The next day, I decided to try a bicycle winery tour, with Wine Country Bikes. The company, which operates in both Sonoma and Napa Counties, features a variety of tour routes ranging from a few hours to full weeks, like new cycles, and very knowledgeable guides. This beautiful region was named one of the “Seven Greatest Rides on Earth” by Bicycling Magazine in 2013. On a sunny, crisp morning, we cycled on a quiet country road past an unlikely mix of eucalyptus, Madrona, Douglas fir, redwood and palm trees, as well as huge, lush camellia bushes and orange and Meyer lemon trees, bearing fruit. I was shocked to see a towering redwood nestling onto its neighboring palm tree – in this unique microclimate, there are many incongruities.

Our cycling group toured the biodynamic, organic Quivira Vineyard and Winery, tasting a sublime local smoked goat cheddar cheese accompanied by a hearty Zinfandel and a refreshing Sauvignon Blanc, while touring the organic farm and perusing the heirloom chicken pens. A quick downhill sprint took us to Lambert Bridge Winery, a small, family-owned and operated winery with all grapepicking still done by hand (no waste, no brusing, they explained), Lambert Bridge’s female winemaker, Jennifer Higgins, showed her passion for her craft when describing her choices for our delectable wine-paired lunch. Each Friday, Saturday and Sunday, Lambert Bridge offers seated pairings replete with exquisite crystal goblets and sparkling china in its beautiful, majestic redwood barrel room, with several times available, by appointment. If you are lucky, (as I was) you might be offered the 2011 Chardonnay matched with butternut squash soup, swirled with crème fraiche and Tuscan olive oil. And that is just the first course!

more winetastings

and then some more winetasting…

There’s no end to the wineries and restaurants in Healdsburg, but I wanted to explore the town itself, with its many art galleries, upscale boutiques and jewelry stores, and lovingly restored homes on tree-lined streets. Here, I saw more of those towering palms, olive trees, orange and lemon trees and redwoods, flowers blooming and hummingbirds everywhere, along with strolling folks looking like they had not a care in the world – a rare sight these days. In Healdsburg’s plaza, reminiscent of times gone by, I saw people sitting on benches, just sitting, and gazing, and resting – and nary a cellphone in sight.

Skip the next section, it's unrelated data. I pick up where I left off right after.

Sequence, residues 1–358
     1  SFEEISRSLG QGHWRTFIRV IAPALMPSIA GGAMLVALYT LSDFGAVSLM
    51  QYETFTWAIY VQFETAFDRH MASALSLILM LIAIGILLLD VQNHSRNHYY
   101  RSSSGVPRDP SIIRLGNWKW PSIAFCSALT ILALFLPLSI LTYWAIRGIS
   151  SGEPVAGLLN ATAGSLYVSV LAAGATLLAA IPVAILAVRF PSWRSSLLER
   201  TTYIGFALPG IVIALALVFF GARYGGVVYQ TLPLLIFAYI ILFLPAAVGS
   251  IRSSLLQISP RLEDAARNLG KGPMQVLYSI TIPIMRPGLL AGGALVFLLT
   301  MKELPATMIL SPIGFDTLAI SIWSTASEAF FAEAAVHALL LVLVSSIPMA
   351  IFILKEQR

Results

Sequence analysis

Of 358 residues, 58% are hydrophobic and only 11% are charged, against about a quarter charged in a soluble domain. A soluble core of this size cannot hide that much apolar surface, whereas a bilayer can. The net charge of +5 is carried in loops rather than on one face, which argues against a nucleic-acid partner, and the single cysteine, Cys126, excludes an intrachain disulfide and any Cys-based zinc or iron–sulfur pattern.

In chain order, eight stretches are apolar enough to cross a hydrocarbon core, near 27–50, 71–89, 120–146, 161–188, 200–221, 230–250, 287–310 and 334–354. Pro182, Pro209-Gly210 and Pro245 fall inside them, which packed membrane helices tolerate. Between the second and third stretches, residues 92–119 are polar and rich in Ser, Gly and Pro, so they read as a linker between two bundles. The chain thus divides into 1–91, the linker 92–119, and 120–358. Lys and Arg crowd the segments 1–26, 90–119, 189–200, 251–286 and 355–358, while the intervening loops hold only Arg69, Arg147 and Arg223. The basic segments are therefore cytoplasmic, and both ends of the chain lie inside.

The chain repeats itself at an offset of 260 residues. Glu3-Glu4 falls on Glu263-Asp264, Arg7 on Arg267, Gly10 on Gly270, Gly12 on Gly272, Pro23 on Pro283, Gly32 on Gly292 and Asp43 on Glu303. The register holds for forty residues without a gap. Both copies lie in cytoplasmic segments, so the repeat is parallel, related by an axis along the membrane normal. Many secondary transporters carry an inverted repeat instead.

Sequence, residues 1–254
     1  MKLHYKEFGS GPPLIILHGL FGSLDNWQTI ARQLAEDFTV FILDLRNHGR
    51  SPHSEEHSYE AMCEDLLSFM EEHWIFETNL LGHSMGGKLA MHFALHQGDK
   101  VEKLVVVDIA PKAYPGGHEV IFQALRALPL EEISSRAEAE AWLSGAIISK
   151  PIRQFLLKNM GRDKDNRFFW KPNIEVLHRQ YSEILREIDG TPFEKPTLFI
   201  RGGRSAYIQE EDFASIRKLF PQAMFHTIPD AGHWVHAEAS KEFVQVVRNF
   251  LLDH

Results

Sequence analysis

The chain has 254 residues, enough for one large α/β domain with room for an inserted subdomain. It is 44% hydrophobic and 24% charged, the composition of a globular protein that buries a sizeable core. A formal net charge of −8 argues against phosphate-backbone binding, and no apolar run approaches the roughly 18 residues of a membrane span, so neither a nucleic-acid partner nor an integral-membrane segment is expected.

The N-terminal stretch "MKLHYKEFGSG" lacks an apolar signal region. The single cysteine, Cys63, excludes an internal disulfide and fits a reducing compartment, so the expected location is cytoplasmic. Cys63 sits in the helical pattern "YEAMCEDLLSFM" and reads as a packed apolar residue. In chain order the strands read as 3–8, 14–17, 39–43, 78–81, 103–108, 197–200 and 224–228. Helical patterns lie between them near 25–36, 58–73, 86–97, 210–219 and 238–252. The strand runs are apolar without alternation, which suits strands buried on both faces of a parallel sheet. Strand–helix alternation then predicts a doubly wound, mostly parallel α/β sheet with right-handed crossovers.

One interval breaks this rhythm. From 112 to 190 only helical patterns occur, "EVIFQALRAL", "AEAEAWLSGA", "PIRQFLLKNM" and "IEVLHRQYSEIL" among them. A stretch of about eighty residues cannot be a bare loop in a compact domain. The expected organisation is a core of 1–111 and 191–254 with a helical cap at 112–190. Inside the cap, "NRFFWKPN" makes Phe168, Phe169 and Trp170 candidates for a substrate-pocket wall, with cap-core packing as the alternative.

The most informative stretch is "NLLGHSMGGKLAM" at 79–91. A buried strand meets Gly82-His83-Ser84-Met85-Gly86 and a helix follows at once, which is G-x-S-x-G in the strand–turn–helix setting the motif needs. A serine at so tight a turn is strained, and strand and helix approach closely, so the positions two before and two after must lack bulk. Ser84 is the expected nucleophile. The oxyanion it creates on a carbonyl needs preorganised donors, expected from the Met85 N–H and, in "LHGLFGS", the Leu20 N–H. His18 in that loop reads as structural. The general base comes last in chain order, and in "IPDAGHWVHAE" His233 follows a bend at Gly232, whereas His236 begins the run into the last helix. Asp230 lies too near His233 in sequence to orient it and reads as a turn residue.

That afternoon, we visited Relish Culinary Adventures, which thrives in this ‘foodie’ area. Indeed, some say the “farm-to-table” movement was born in this northern California gastronomic paradise. Donna del Rey, owner of Relish, says the mushroom classes at this cooking school “always sell out,” and indeed, our class was full that day, with some 25 of us sorting, washing, trimming, sautéing, and finally, indulging in four types of mushrooms at a fabulous lunch spread, with even the dessert bread pudding made of maple-like Candy Cap mushrooms. Tragically, the typical mushroom foraging in the area has been curtailed by the current drought, which has plagued much of the entire state of California for several years. Thus, Relish had to purchase the mushrooms we used from another area, and while we were dismayed by the cancelled foraging, our taste buds still delighted in the feast.

wine at dinner

…and the day winds down with more wine!

If you hadn’t heard of Healdsburg before reading this, good for you – it’s still uncrowded and somewhat undiscovered. Beat the crowds in Napa and Mendocino, and head for this little small town. Whether by Segway, bicycle, on foot or by car, this is a vacation respite I want to visit again and again.

And by the way, despite the press reports you might have seen about the recent earthquake in the Sonoma region, everyone is open for business and awaiting your visit.

For more information about Healdsburg, click here